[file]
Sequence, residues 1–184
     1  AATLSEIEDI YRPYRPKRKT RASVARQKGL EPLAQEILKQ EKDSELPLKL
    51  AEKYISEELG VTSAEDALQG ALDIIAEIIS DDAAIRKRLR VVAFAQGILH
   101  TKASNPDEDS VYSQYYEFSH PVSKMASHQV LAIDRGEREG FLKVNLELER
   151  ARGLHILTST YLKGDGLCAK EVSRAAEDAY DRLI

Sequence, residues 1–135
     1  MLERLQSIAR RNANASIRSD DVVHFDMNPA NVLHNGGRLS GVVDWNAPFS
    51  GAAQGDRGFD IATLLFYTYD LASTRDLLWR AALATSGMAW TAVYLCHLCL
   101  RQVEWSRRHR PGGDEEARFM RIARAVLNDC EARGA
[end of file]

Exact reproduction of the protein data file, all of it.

Sequence, residues 1–184
     1  AATLSEIEDI YRPYRPKRKT RASVARQKGL EPLAQEILKQ EKDSELPLKL
    51  AEKYISEELG VTSAEDALQG ALDIIAEIIS DDAAIRKRLR VVAFAQGILH
   101  TKASNPDEDS VYSQYYEFSH PVSKMASHQV LAIDRGEREG FLKVNLELER
   151  ARGLHILTST YLKGDGLCAK EVSRAAEDAY DRLI

Sequence, residues 1–135
     1  MLERLQSIAR RNANASIRSD DVVHFDMNPA NVLHNGGRLS GVVDWNAPFS
    51  GAAQGDRGFD IATLLFYTYD LASTRDLLWR AALATSGMAW TAVYLCHLCL
   101  RQVEWSRRHR PGGDEEARFM RIARAVLNDC EARGA